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Oliver Beer nonchalantly leans into the corner of the art gallery and sings. Adjusting pitch until he finds the right note, the room suddenly begins to vibrate. Sound floods the space, drowns him out and overwhelms me.
“Every room and space has its own note,” he says, familiar with the effect his trick has on awestruck innocents. The 33-year-old artist likens it to rubbing a finger on a wine glass. “If you sing exactly those notes the entire room will sing to you louder than your voice is singing to it. It’s called standing waves or resonance. What we’re hearing is not the structure of the building, it’s the empty volume.”
Beer has composed music for a Brighton sewer, a brutalist car park in Birmingham, a 16th-century Istanbul bathhouse and, currently, the Sydney Opera House.
It’s been an intense period for the English artist. Capping off his 18-month residency at the Opera House as part of the Sydney Biennale, Beer also has an exhibition of “sound sculptures” at Anna Schwartz Gallery, a film included in ACMI’s Wonderland exhibition and two videos screening at the AGNSW. A permanent room designed in collaboration with architects Fender Katsalidis will feature in the new MONA addition, due to open in 2019.
Exploring the acoustics of an opera house might seem unremarkable. But not the way Beer performs. For the latest incarnation of his Resonance project, Beer had access to all areas.
“Up to the tips of the sails and four stories underwater – there’s literally not a corner of the building I didn’t listen to,” he enthuses. “I was able to use the building like an instrument.”
After scouring the World Heritage Site’s interstices he settled on a backstage stairwell. “It has no visual interest whatsoever,” he explains. “But harmonically it was perfect – G‑flat with a lovely A‑flat just next to it, which makes a very dissonant tone.”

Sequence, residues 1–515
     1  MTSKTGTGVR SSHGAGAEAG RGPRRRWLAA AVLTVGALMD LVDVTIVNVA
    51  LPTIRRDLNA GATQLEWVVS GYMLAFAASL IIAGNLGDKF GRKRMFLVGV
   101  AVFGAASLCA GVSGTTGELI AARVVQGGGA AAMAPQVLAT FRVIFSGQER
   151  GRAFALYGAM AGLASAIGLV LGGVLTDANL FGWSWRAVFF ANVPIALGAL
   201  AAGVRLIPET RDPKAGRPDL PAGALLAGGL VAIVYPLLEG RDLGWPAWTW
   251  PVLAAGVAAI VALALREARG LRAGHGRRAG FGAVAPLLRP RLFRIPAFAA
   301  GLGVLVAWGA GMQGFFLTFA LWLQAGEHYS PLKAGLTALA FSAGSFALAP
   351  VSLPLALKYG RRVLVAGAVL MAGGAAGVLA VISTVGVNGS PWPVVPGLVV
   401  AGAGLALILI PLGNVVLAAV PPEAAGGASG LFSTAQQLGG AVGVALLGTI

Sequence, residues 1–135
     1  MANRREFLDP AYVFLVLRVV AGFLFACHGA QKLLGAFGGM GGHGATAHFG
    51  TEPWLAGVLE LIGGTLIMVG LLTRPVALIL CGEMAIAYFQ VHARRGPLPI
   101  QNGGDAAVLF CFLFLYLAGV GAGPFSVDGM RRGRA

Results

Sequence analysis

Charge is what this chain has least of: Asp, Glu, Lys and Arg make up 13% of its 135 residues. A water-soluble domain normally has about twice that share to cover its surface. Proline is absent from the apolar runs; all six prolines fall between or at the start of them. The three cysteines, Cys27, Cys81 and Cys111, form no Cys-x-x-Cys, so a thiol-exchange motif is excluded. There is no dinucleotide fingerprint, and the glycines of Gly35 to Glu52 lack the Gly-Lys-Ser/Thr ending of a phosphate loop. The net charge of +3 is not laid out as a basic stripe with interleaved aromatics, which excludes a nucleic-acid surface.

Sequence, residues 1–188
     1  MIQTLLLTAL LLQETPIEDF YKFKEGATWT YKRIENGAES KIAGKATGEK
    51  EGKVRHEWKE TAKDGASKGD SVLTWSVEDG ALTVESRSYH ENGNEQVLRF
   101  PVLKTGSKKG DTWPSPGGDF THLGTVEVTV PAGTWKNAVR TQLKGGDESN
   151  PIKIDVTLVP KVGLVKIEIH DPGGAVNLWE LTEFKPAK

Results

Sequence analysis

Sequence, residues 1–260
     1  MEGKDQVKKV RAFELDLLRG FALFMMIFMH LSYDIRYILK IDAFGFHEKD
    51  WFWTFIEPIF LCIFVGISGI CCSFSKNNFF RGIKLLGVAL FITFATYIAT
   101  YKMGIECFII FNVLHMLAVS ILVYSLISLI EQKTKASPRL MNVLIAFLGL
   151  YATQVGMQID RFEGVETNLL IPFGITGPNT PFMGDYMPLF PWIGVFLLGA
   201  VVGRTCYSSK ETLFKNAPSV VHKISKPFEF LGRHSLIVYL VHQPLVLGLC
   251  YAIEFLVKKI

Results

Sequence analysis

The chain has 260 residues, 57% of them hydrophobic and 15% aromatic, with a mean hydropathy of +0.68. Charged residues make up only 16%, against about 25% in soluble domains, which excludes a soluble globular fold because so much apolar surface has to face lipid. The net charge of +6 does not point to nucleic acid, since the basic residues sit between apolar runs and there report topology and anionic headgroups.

Beer performs the project with local trained singers. In Sydney he drew on the heritage of each singer’s earliest musical memory – a Mongolian folk song, a Belgian lullaby, an indigenous melody, an English Christian song – and re-orchestrated those melodies for a 10-minute performance around the Opera House’s harmonics.
“What you hear is a polyphony, multiple melodies which are so different in origin and character and historical significance, all forced into a counterpoint that is so harmonious that it sounds like the most natural thing in the world,” says Beer. “It’s the building which becomes the common denominator.”
Because bodies absorb sound, only seven people at a time are allowed to experience Composition for Tuning In Architectural Space during the Biennale.
While Beer could never take the public into the tips of the Opera House sails, he did record his four singers individually. That work, Impossible Composition, reverberates down to Melbourne. Arcing through the middle of Anna Schwartz Gallery is a series of speakers symbolising the height and position of each opera house sail, and amplifying the recording done within each.
“[The Opera House] is one of the most charged places in the whole continent,” he says. “Acoustically it’s magnificent. When it’s quiet you can hear boats, drunks on the quay, seagulls and you hear this quiet fragile hesitation of each singer as they listen and respond to the space they’re in.”
But, as the title suggests, the Opera House residency hasn’t been all smooth sailing. In November, midway through the residency, a Manus island protest at the opera house stalled the project.
“Security became very sensitive about this British artist wandering around their building unattended,” Beer recalls. “For a certain time I was not able to be in the building.”
While locked out Beer, who studied cinema at the Sorbonne, conceived two extraordinary videos, Composition For Mouths (songs my mother taught me), currently screening at the AGNSW. What appears to be video close-ups of two people kissing is actually their faces being used as musical instruments.